Survey123 allows you to design simple and intuitive smart forms and surveys that can be shared with anyone inside or outside of your organization. Surveys can be customized to fit mission requests specific to your organization. It also serves as a system of record; it keeps the details of all requests that have been made whether they have been approved or not. Common fields like name and date can be added, but customizing the survey to be specific to a drone collection can be simple and effective. Some examples of Drone specific fields could be UAS (Unmanned Aerial Systems) model, FAA (Federal Aviation Administration) Part 107 Certificate license number or an acknowledgment if the mission is in controlled airspace. An added advantage is the ability for requestors to create polygons that represent proposed mission sites.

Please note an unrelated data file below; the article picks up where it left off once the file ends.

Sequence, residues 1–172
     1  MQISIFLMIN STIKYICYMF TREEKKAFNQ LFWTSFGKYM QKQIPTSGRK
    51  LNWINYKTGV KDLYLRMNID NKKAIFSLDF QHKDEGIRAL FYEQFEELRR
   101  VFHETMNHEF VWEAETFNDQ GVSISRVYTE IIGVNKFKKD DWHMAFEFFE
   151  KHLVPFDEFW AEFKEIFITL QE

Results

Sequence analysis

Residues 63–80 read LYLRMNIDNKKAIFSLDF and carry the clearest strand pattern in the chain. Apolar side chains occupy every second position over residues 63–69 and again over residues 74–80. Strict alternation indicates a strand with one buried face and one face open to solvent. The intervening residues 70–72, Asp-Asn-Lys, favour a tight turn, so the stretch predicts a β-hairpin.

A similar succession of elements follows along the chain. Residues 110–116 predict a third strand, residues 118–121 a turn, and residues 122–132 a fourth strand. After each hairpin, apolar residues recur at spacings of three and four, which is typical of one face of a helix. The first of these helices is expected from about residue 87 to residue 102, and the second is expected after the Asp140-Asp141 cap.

Drawing a polygon for a drone mission request in Survey123

Survey requests can feed into your GIS (Geographical Information Systems) dashboards and apps to display how the requests relate to planned or past missions, existing imagery, controlled airspace, or other geographic features important to your organization.

ArcGIS Dashboard providing a concise overview of requested drone missions.

In this example we can see which missions have been approved, the pilot in command, and the purpose of the mission. We can also see where missions are in relation to each other and in relation to controlled airspace. The beauty of this comes from the customizability. Surveys and dashboards can be customized to fit your organization’s needs. Survey 123 can be a powerful organizational tool for managing mission requests. Next, we will look at tasking pilots with ArcGIS Workforce.

Tasking drone pilots with ArcGIS Workforce